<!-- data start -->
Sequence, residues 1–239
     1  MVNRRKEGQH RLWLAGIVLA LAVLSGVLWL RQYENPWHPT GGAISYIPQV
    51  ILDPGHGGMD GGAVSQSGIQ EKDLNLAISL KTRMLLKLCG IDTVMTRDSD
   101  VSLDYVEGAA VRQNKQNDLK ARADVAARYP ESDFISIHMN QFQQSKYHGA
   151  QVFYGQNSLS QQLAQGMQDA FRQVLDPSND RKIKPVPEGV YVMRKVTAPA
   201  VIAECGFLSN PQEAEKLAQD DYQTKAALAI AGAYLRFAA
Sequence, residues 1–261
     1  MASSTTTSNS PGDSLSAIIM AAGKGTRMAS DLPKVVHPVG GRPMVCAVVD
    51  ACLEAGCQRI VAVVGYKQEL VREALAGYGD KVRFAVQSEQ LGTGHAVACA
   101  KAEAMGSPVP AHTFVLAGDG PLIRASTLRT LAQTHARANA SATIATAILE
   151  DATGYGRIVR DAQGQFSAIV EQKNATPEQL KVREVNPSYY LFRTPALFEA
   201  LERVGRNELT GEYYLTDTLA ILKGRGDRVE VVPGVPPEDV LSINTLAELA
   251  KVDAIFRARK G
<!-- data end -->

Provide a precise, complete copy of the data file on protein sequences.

Sequence, residues 1–239
     1  MVNRRKEGQH RLWLAGIVLA LAVLSGVLWL RQYENPWHPT GGAISYIPQV
    51  ILDPGHGGMD GGAVSQSGIQ EKDLNLAISL KTRMLLKLCG IDTVMTRDSD
   101  VSLDYVEGAA VRQNKQNDLK ARADVAARYP ESDFISIHMN QFQQSKYHGA
   151  QVFYGQNSLS QQLAQGMQDA FRQVLDPSND RKIKPVPEGV YVMRKVTAPA
   201  VIAECGFLSN PQEAEKLAQD DYQTKAALAI AGAYLRFAA
Sequence, residues 1–261
     1  MASSTTTSNS PGDSLSAIIM AAGKGTRMAS DLPKVVHPVG GRPMVCAVVD
    51  ACLEAGCQRI VAVVGYKQEL VREALAGYGD KVRFAVQSEQ LGTGHAVACA
   101  KAEAMGSPVP AHTFVLAGDG PLIRASTLRT LAQTHARANA SATIATAILE
   151  DATGYGRIVR DAQGQFSAIV EQKNATPEQL KVREVNPSYY LFRTPALFEA
   201  LERVGRNELT GEYYLTDTLA ILKGRGDRVE VVPGVPPEDV LSINTLAELA
   251  KVDAIFRARK G